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Idiom Options
D00M
Posted: Friday, October 5, 2018 2:03:11 PM

Rank: Advanced Member

Joined: 3/24/2017
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Hello respected teachers,

Is there an idiom to say that something is frightening at first but soon you realize it's easy?

For example, a book whose first few pages scares you off but moving on you realize it's very easy.

The custom of speaking is the original and only just standard of any language. Joseph Priestly- Rudiments of EG, 1761.
sureshot
Posted: Monday, October 8, 2018 1:31:38 AM
Rank: Advanced Member

Joined: 9/16/2015
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D00M wrote:
Hello respected teachers,

Is there an idiom to say that something is frightening at first but soon you realize it's easy?

For example, a book whose first few pages scares you off but moving on you realize it's very easy.



__________________________

Your query has gone unanswered. Let me make a start and hopefully this will lead to more constructive suggestions.

It appears to me that there is no standard idiom that conveys the desired feeling you are talking about. Interestingly, the opposite sense is conveyed by some as "deceptively simple". Somehow, the expression "deceptively difficult" does not find much favour and the use of alternatives is often suggested .

So, I guess, it is safer to use alternate phrases/expressions that convey your intended sense.
D00M
Posted: Monday, October 8, 2018 4:43:26 AM

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Joined: 3/24/2017
Posts: 1,607
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Thank you so much.

The custom of speaking is the original and only just standard of any language. Joseph Priestly- Rudiments of EG, 1761.
Jyrkkä Jätkä
Posted: Monday, October 8, 2018 5:44:21 AM

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Location: Helsinki, Southern Finland Province, Finland
You can always use the phrase get the wind up in this context. Or take fright at.


In the beginning there was nothing, which exploded.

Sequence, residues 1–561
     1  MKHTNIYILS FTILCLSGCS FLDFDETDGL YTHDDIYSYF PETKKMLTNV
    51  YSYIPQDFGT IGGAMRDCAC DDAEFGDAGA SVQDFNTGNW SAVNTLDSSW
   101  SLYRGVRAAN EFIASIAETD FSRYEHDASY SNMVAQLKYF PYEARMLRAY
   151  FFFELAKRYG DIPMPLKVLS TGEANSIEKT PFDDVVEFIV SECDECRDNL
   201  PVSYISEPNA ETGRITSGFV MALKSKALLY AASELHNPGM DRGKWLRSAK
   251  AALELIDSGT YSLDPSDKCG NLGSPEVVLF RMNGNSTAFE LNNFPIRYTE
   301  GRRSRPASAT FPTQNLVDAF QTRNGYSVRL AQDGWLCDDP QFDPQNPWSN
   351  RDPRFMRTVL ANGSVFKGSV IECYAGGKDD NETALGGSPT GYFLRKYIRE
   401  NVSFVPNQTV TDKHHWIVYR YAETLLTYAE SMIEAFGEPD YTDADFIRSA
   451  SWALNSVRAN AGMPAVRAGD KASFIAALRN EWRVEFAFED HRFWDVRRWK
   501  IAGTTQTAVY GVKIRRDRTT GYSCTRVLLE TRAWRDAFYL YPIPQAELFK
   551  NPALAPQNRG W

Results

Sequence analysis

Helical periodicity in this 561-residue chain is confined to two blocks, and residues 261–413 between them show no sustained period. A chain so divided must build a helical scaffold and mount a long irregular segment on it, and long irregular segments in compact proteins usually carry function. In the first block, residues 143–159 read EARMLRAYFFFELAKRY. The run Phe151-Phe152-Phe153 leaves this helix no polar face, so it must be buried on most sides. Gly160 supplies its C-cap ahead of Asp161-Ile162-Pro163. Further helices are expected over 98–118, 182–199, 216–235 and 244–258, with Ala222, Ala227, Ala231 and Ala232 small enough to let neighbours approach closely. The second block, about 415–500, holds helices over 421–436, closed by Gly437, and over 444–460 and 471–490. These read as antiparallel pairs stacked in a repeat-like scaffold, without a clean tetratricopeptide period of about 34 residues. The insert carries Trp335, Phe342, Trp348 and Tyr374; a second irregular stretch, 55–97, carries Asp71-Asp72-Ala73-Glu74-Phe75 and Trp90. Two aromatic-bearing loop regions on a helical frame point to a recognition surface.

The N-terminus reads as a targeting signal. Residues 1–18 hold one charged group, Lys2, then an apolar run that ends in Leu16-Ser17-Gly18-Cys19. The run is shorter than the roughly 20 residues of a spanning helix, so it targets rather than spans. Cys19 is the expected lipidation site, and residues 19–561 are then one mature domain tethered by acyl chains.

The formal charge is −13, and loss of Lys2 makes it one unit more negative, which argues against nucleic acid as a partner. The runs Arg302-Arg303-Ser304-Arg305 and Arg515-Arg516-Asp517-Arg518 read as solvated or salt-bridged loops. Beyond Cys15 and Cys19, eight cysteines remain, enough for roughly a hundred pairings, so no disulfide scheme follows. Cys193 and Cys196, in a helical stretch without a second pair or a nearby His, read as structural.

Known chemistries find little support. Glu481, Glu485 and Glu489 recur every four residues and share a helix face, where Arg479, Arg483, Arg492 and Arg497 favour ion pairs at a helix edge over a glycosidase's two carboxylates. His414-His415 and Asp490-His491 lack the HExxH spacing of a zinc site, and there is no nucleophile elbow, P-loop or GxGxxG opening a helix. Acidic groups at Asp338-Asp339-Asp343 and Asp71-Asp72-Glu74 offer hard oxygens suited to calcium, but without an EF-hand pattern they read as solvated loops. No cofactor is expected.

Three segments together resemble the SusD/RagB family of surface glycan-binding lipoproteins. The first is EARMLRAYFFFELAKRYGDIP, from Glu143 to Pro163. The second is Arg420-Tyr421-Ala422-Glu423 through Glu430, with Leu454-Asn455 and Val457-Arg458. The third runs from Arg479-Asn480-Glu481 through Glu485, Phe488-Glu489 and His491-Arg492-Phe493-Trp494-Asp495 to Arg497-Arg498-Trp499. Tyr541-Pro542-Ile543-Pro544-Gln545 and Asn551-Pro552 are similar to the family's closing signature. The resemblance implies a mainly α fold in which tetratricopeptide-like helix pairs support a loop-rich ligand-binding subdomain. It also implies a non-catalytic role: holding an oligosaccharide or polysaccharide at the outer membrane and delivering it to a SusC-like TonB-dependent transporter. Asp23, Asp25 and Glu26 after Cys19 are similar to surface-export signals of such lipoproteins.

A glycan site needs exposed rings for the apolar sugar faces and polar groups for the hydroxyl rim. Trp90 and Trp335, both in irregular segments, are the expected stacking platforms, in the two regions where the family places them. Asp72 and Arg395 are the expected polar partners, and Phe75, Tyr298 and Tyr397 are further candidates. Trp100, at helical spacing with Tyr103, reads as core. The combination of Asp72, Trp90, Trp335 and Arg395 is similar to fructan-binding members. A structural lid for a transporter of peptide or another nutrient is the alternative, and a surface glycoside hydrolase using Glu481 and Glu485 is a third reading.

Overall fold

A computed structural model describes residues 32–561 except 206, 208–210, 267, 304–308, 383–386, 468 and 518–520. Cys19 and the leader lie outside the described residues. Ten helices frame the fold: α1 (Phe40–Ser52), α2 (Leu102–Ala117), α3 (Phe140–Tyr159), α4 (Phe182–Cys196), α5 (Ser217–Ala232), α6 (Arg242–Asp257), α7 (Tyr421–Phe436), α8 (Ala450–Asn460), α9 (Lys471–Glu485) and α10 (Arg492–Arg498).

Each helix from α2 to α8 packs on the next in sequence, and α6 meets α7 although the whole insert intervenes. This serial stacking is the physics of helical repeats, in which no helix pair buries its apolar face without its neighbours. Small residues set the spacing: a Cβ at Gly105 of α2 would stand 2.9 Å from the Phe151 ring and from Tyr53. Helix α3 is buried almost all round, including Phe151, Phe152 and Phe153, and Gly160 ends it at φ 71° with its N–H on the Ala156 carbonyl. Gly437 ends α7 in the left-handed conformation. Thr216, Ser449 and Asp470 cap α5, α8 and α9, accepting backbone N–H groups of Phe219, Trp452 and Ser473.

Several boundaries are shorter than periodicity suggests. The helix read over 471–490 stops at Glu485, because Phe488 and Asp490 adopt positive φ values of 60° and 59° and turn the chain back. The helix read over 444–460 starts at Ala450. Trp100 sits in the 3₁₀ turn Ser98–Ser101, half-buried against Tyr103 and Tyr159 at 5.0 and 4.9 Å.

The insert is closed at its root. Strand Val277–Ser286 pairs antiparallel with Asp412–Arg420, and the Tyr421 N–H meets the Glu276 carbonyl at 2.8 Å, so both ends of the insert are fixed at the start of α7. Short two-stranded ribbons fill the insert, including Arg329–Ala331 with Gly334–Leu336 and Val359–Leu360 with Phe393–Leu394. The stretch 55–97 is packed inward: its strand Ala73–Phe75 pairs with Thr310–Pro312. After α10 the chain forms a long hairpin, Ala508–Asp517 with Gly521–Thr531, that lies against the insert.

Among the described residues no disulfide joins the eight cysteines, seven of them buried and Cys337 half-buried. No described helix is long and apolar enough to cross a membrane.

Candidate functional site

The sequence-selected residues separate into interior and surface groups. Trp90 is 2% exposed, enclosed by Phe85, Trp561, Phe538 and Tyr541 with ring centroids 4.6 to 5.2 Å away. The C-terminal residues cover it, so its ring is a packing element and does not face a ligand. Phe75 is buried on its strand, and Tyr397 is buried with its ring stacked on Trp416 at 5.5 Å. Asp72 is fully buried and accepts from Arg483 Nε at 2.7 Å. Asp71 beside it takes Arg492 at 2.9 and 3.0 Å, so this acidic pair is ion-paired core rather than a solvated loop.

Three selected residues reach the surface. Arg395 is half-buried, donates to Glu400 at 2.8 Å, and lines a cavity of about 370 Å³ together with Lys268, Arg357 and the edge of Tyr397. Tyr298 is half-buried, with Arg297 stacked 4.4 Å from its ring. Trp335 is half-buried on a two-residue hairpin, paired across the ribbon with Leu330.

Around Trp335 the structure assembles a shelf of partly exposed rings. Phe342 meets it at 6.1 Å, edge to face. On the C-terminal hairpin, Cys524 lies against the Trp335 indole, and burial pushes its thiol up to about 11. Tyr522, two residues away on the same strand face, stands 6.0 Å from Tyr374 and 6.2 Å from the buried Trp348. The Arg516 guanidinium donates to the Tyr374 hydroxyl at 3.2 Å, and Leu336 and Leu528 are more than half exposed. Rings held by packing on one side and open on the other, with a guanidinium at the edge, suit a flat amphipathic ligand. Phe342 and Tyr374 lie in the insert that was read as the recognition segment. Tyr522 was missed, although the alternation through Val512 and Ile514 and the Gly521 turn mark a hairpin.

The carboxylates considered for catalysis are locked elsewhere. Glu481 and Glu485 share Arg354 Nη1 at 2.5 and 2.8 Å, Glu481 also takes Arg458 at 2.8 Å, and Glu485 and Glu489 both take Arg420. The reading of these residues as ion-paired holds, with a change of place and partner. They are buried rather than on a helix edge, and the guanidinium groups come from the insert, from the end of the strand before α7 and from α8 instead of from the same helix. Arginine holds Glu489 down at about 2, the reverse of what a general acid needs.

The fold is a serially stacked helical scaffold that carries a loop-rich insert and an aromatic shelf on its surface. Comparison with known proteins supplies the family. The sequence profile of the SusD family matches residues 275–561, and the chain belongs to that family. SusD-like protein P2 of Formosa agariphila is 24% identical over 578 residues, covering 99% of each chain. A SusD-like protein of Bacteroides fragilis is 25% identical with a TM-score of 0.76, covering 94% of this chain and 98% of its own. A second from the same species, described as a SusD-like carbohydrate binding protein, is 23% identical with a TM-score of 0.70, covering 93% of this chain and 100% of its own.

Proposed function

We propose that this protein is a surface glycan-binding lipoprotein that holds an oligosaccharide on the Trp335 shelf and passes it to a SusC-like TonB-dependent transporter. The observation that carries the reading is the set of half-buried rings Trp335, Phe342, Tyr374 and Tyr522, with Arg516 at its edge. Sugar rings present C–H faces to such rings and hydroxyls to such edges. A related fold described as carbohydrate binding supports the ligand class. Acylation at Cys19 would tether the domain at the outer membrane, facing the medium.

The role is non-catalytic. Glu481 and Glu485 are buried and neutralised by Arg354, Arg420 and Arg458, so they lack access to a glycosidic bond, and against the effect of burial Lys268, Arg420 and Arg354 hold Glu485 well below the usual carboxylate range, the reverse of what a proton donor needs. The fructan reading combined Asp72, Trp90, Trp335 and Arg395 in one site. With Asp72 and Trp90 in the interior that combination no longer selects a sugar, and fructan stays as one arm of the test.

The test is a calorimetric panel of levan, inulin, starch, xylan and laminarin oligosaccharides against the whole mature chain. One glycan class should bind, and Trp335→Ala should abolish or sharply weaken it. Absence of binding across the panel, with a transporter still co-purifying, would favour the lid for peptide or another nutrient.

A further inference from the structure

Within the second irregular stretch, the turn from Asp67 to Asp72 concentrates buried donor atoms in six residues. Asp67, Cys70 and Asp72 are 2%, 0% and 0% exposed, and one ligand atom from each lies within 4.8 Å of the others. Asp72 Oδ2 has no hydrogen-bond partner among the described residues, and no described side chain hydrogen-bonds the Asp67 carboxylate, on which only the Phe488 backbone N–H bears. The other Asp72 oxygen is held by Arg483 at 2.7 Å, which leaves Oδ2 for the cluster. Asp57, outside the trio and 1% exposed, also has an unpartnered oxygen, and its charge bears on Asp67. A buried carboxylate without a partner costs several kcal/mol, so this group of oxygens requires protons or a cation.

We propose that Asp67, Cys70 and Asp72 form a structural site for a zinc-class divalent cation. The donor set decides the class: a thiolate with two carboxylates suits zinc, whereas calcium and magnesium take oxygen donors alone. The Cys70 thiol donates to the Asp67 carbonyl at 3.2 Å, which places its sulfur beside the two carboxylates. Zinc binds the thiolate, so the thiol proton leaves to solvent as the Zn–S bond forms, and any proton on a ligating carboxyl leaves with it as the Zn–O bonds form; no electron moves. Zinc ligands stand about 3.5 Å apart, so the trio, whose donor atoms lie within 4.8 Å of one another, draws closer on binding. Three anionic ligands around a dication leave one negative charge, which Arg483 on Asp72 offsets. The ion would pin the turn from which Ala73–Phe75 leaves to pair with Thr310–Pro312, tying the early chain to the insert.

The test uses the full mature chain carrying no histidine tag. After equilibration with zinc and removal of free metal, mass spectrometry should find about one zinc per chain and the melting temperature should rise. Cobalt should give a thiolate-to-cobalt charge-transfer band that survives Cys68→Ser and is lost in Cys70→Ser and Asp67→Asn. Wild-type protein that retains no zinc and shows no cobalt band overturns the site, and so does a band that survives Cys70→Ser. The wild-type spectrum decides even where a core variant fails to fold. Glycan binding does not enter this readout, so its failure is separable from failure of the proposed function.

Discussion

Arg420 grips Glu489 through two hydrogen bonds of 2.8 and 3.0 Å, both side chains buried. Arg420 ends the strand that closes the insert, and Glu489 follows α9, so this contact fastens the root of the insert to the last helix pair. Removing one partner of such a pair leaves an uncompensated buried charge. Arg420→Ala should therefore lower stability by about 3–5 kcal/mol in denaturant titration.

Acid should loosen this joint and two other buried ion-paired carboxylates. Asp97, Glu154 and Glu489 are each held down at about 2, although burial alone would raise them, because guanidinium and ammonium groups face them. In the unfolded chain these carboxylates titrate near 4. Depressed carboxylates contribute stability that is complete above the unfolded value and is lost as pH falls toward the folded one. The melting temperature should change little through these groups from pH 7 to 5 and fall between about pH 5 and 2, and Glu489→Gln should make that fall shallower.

sureshot
Posted: Monday, October 8, 2018 6:15:44 AM
Rank: Advanced Member

Joined: 9/16/2015
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Jyrkkä Jätkä wrote:
You can always use the phrase get the wind up in this context. Or take fright at.

____________________

The expression "get the wind up" means "to become nervous or frightened" as in "When the boxer saw his opponent he got the wind up". In this expression, the last emotional state is one of fright.

The phrase "take fright at" means "to be suddenly frightened by something and want to get away from it". Here too, the last stage is one of fright as in "My dog took fright at the noise of the fireworks and hid under the bed".

In DOOM's query, the last stage is of finding the situation easy. So, I wonder if the above expressions meet DOOM's requirement.

The suggested idioms do not appear to aptly conveys the intended sequence of emotions. Perhaps, there is a need to put on one's thinking cap yet again!

The idiom should convey the sense that the event ends with finding the situation/problem finally easy. I am unable to think of a suitable idiom that aptly meets this requirement.

Maybe, some more responses may help.

Drag0nspeaker
Posted: Monday, October 8, 2018 8:31:25 AM

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Joined: 9/12/2011
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Location: Livingston, Scotland, United Kingdom
I can't think of any idiom.

One could add "briefly" to JJ's suggestions, but then I would expect "but . . .", which makes a whole sentence rather than an idiom.

He briefly took fright at the size of the book, but realised his mistake.

Wyrd bið ful aræd - bull!
Ursus Minor
Posted: Monday, October 8, 2018 9:03:52 AM

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Location: Inozemtsevo, Stavropol'skiy, Russia
You could convey the idea with a phrase like 'the devil proved to be not so black'.
sureshot
Posted: Monday, October 8, 2018 10:26:56 AM
Rank: Advanced Member

Joined: 9/16/2015
Posts: 2,024
Neurons: 379,421

Ursus Minor wrote:
You could convey the idea with a phrase like 'the devil proved to be not so black'.


___________________


Since here is no other better alternative, I guess this idiom could do. Its complete form is:

- The devil is not so black as he is painted.
D00M
Posted: Monday, October 8, 2018 2:46:28 PM

Rank: Advanced Member

Joined: 3/24/2017
Posts: 1,607
Neurons: 7,645
Thank you very much all.

The custom of speaking is the original and only just standard of any language. Joseph Priestly- Rudiments of EG, 1761.
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